Friday, September 14, 2012

September 11 2001: The Day Everything Changed for the US Military


This article originally appeared on PolicyMic on September 11 2012.

For many who spent time in uniform on 9/11/01, life is very much a story of before and after. I listened to the broadcast of the attacks on BBC radio while on an Army field exercise in Graefenwoehr, Germany. Much was different for soldiers before that day and much has changed since then.

Before, we trained with deployments to places like Bosnia or Kosovo in mind, not Afghanistan or Iraq. We wore Cold War-era equipment and woodland camouflage uniforms and slept in tents in the woods or in soft-sided military vehicles. Being stationed in Germany, we were all more practiced at fighting a Warsaw Pact enemy in the snow, mud, and rain of Europe than the urban or desert terrain of the Middle East. The Army life was generally as routine as military life can be. You get a new assignment and pack your bags for someplace new about every two years.

As we listened to the towers fall, still hoping it was some kind of an accident, we didn’t know how much things were about to change. Our exercise was cut short and we loaded into our vehicles and headed back to our post the next morning. An image I will always remember from that convoy is of Germans driving past waving small American flags out of the windows of their cars and shouting slogans of support. If any country knows what good the U.S. military has done in the world, it is Germany. Fifty six years before, America and its allies had rolled over the Nazis and then spent the next several decades rebuilding our former enemy under the Marshall Plan. U.S. soldiers stationed in Germany have been supporting the economy and our NATO ally since 1945. It may have been a rocky relationship since 2003, but I’ll always remember the faces of those German men and women waving the flag in support of America, in support of a country not their own and to people they would never meet.

Less than two years later our convoy was greeted again with waves from smiling citizens, but this time we were rolling into Baghdad. The results of ‘shock and awe’ were still very apparent. The people there were glad to see us at first. They all said thanks and then asked when we were leaving. Over the coming months we would all come to learn much about Iraq, Islam, Baathists, IEDs, snipers, and ambushes on city streets. The learning curve was steep. As we rolled back down to Kuwait on the way home 15 months of combat later, we did so with 10 of our brothers dead and four times as many, including myself, wounded in action.

One image that is forever burned into my memory is of two kids in an alley way near the bank of the Tigris. As I pulled security at the end of the alley, they snuck up on a mangy stray dog asleep in the sunshine, one of them holding a cup of gasoline and the other a lit piece of newspaper. They threw it on the dog and laughed as it cried and burned and died. Kids play with dogs; they don’t kill them. The things you want to remember, you forget; the things you’d like to forget, you always remember. Some people would call American soldiers savages, but there are worse things in this world.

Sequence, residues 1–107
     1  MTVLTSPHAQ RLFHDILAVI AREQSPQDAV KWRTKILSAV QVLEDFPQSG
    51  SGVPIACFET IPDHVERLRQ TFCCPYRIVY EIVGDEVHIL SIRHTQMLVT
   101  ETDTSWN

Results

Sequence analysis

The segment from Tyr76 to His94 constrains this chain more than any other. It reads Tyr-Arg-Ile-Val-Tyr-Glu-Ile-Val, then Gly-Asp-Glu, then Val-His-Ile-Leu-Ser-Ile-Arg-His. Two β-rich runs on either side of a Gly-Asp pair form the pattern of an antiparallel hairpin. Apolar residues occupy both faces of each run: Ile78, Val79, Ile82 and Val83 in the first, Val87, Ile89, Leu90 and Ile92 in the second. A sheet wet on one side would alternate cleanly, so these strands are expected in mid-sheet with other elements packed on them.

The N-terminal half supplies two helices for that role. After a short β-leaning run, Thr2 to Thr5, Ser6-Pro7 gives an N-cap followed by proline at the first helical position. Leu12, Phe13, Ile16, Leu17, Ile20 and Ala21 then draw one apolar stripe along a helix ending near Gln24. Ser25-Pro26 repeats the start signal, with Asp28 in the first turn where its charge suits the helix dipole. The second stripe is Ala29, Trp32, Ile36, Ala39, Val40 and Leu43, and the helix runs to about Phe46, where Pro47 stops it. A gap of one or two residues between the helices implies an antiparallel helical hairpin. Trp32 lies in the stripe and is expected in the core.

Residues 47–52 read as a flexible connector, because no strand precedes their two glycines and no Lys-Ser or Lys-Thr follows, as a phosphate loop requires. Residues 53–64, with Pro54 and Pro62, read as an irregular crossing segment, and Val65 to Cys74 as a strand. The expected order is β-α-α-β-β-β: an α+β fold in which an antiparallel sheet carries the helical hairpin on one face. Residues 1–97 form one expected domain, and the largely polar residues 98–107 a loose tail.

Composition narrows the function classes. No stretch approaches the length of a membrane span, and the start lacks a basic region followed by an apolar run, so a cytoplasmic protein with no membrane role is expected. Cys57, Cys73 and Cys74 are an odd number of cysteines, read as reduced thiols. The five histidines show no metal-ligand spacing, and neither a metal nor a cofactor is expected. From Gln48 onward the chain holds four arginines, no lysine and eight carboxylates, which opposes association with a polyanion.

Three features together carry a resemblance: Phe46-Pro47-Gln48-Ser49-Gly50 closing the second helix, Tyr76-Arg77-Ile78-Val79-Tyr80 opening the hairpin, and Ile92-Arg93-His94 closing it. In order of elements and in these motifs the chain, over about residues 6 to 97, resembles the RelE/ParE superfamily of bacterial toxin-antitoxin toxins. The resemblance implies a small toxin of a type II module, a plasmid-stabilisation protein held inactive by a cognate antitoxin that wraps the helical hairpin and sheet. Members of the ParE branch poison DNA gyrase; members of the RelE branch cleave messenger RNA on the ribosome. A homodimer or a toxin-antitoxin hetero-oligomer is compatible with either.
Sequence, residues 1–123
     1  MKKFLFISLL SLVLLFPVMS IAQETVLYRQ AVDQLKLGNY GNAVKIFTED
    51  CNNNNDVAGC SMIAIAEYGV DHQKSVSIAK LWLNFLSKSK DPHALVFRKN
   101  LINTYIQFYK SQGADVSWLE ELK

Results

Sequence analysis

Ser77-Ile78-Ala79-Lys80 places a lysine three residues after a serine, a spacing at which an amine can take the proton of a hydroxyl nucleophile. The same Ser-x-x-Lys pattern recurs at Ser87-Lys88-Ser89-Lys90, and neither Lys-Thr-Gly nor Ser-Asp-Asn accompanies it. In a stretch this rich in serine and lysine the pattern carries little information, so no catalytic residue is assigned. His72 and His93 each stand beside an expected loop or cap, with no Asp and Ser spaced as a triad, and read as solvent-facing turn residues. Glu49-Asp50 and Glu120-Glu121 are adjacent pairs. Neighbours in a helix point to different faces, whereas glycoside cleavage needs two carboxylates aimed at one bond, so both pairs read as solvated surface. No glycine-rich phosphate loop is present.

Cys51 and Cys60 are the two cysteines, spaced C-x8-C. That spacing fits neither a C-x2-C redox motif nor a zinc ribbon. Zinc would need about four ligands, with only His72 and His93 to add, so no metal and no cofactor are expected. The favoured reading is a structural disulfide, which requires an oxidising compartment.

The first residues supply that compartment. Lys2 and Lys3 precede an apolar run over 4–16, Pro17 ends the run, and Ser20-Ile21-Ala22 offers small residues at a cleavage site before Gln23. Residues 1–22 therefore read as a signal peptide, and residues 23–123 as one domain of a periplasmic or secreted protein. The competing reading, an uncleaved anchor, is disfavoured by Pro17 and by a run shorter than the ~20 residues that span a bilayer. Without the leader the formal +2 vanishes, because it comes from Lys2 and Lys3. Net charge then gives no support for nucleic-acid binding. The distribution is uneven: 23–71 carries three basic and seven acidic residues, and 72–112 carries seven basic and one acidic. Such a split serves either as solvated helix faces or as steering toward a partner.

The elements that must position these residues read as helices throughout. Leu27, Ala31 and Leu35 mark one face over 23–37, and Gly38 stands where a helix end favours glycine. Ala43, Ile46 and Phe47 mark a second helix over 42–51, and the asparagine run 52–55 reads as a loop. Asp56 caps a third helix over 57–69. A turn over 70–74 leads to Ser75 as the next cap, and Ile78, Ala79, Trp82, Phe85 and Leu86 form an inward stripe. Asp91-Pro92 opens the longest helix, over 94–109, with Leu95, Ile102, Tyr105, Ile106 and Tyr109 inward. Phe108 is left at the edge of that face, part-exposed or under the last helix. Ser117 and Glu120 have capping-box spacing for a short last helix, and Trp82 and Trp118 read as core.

We went home for a year and came back again. This time we flew in and slept in air-conditioned trailers and had showers and Burger King. But the streets outside were still the same, if not worse. I was assigned to a small team embedded with an Iraqi army unit we were to train and support. As the sectarian war raged, I remember getting a call from the U.S. battalion paired with our unit. They had found six bodies and five heads and needed us to come out. That wasn’t the first time I took a call like that or the last.

Three days before we all flew home, on the last mission he was to go on, we lost a platoon mate. The mixture of sorrow and joy left you feeling almost drunk. We sat around in the gravel, numb under our ponchos in the rain, and smoked and talked about what we were going to do when we got home. At that point, I was supposed to have been out the Army for three months already, but they had ‘stop-lossed’ me. They let me go three months later and I decided to make a clean break of it. I went to college on the GI Bill. I finished my degree in 2010. I’m starting grad school next week.

9/11 changed a lot in my life and in a lot of other lives. Everyone that went to war knows someone that didn’t make it back. A lot of veterans left a piece of themselves there. A lot of young men and women saw more than most others will see in a lifetime. Many soldiers came home to empty houses or drank themselves to sleep at night or worse. Families split up. Kids have grown up without a parent. People politely thank me for my service and I politely thank them back, but talking about the wars makes people back home uncomfortable. Usually I don’t offer up that I’m a veteran, but most know by looking at me.

Everything is different after 9/11. If you told me I could throw a magic switch and take back 9/11 and stop the wars in Afghanistan and Iraq, I would do it in a heartbeat. No question. But if you said that I could only take back my own part in the fighting, I wouldn’t do it. It was the most terrible time in my life, but it was also the best time of my life. It made me who I am. I know that is hard to understand for most people. I have trouble understanding it myself. But there it is. 9/11 changed everything for our soldiers.